External benchmarks helped improve rate transmission: RBI2 min read . Updated: 09 Apr 2020, 11:18 PM IST
- Regulator says the transmission of interest rates in fresh floating rate loans picked up after October
- Between Oct 2019 and Feb 2020, the weighted average lending rate in fresh loans have declined
MUMBAI : The Reserve Bank of India (RBI) on Thursday said there are early indications that transmission of interest rates in fresh floating rate loans has improved after external benchmarks were introduced in October.
In its Monetary Policy Report for April, the central bank said that between October 2019 and February 2020, the weighted average lending rate of banks in fresh loans have declined. Interest on housing loans fell by 34 basis points (bps), vehicle loans by 73bps, education loans by 21bps and loans for micro, small and medium enterprises (MSMEs) by 6bps.
Last year, RBI had directed banks to move all floating rate retail and small business loans to an external benchmark to quicken transmission of interest rates. Banks can now choose between the repo rate, the yield on three-month or six-month treasury bills, or any other benchmark rate published by the Financial Benchmarks India Pvt. Ltd (FBIL).
According to RBI, of the 62 banks from whom information was collected, 36 adopted the policy repo rate as the external benchmark. Six banks have linked their loans to various other benchmarks published by FBIL, such as certificate of deposit (CD) rate, overnight index swap (OIS) rate, Mumbai Interbank Outright Rate (MIBOR) and three-month T-Bill rate. Eleven other banks, RBI said, have linked different sectors to different benchmarks and nine foreign banks do not have any retail or small business loans, and therefore, does not come under the ambit of external benchmarks.
“The median spread in respect of fresh rupee loans linked to the policy repo rate was the highest for other personal loans. Among the bank-groups, the median spread charged by public sector banks for different categories of loans was lower than that charged by private sector banks," RBI said. The median spread is defined as the difference between the median weighted average lending rate and the repo rate.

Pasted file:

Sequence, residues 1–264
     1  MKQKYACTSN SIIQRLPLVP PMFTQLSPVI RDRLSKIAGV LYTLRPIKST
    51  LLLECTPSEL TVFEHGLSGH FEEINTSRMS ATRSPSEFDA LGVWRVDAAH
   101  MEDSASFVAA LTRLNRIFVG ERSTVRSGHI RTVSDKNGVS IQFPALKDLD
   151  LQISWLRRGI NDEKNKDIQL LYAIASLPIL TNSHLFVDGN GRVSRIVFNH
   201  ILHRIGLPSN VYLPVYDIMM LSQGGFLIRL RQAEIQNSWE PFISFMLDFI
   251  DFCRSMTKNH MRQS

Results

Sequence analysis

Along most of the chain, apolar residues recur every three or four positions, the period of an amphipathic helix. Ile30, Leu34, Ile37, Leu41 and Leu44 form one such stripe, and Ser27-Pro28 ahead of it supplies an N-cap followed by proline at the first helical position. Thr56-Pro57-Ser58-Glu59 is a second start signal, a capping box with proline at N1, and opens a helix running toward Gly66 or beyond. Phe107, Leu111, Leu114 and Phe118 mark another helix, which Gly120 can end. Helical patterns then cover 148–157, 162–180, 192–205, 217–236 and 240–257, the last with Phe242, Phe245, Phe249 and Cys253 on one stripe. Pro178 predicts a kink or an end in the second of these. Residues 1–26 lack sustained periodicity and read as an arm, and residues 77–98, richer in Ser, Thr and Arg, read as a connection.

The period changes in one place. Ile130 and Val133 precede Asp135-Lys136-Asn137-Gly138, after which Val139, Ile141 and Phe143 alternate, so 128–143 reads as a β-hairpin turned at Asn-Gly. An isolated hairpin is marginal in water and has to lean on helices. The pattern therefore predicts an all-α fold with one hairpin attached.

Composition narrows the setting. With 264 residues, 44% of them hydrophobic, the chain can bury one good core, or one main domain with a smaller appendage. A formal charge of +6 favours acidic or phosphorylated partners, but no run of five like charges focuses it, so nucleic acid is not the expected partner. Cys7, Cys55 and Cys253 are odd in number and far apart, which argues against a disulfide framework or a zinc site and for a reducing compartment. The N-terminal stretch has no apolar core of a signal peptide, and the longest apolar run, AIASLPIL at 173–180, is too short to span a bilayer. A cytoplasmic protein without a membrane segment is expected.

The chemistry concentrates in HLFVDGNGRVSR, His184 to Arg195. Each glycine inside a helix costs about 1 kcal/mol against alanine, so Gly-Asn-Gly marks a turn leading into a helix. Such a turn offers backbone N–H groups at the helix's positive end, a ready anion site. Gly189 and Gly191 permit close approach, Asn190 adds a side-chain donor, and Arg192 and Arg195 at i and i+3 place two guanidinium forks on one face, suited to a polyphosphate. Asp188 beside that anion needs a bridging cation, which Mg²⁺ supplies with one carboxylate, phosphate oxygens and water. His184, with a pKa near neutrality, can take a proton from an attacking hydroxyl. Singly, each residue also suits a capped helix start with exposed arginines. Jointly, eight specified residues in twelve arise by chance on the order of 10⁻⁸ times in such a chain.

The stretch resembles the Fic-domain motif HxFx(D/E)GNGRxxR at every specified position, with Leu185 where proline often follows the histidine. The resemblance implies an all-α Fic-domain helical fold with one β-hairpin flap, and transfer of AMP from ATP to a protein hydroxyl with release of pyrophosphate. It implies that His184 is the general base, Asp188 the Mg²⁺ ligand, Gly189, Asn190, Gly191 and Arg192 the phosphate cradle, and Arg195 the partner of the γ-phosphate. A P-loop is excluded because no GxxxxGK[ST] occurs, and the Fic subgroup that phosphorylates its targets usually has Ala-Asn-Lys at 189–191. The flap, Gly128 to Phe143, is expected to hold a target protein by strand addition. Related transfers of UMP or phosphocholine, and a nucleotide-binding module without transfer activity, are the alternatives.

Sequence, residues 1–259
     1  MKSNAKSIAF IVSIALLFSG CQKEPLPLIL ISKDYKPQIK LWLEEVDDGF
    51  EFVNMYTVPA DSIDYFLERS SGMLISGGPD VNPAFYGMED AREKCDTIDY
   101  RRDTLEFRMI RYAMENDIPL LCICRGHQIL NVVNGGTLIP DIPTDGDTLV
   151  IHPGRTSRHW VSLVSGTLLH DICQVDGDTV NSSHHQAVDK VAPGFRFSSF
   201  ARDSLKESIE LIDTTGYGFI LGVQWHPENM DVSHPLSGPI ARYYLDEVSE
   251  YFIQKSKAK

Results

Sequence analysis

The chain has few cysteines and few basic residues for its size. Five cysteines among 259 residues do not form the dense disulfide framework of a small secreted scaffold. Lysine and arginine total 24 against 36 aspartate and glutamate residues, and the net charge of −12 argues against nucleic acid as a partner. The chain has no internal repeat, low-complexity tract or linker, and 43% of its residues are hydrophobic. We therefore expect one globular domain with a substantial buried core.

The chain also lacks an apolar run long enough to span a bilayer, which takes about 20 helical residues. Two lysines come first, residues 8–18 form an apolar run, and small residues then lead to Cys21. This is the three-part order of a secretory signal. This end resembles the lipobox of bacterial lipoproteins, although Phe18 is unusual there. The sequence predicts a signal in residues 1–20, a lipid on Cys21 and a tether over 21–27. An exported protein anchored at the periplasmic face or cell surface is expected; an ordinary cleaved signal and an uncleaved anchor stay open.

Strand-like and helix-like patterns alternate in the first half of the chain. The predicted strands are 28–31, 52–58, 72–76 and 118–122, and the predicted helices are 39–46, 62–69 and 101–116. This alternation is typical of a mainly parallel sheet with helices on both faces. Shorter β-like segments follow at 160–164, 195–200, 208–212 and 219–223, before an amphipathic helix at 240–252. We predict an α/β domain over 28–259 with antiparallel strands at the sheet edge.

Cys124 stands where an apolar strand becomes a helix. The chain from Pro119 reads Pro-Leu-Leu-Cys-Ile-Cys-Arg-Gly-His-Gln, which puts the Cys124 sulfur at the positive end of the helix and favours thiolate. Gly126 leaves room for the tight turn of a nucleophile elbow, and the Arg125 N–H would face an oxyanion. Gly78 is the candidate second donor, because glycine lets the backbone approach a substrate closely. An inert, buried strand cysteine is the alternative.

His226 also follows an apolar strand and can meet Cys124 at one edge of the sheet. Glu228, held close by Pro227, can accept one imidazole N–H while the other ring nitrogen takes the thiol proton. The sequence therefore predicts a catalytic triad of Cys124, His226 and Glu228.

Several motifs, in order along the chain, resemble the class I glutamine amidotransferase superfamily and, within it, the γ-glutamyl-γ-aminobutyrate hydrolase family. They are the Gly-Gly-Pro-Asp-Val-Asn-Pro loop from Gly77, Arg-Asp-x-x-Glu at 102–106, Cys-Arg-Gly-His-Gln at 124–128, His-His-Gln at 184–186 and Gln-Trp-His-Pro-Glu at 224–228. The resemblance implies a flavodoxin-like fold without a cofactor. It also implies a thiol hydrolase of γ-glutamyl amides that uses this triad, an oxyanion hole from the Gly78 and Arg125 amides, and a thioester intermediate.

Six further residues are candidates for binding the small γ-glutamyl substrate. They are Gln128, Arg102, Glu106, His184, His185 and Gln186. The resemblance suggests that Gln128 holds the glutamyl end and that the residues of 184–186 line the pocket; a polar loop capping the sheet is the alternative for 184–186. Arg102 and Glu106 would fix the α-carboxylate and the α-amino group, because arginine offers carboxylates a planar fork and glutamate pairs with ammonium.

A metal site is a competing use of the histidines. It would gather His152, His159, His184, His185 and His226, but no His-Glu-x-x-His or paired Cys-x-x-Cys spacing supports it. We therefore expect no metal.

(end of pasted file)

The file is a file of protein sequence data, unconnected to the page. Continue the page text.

“Since the October 2019 Monetary Policy Report, monetary policy transmission to banks’ term deposit and lending interest rates has improved."
Meanwhile, this effective transmission has also led to faster decline in deposit rates. RBI said that the pass-through of the policy rate cut to the weighted average domestic term deposit rate on outstanding deposits improved to 39bps during October 2019-February 2020 from a mere 7bps during the previous eight months (February-September 2019), resulting in an overall reduction of 46bps.
The weighted average lending rate on outstanding rupee loans has also declined by 18bps since October 2019 in contrast to a rise of 2bps during February-September 2019, RBI said.
According to the Monetary Policy Report, the improvement in transmission during the second half of FY20 to banks’ deposit and lending rates reflected the lagged impact of the previous rate cuts (110bps during February–September 2019) and the introduction of the external benchmark system.
RBI also said that administered interest rates on small saving schemes set by the government have implications on monetary transmission. These administered interest rates are linked to market yields on government securities (G-secs) with a lag and are fixed on a quarterly basis at a spread ranging from 0-100bps over and above G-sec yields of comparable maturities, it added.
On 31 March, the government sharply cut rates of interest on all small saving schemes (except saving deposits) in the range of 70-140bps for Q1 FY21. Following the revision, the central bank said, interest rates on small saving schemes for Q1 FY21 are broadly aligned with the prescribed formula-based administered interest rates on small savings, and augurs well for monetary transmission, going forward.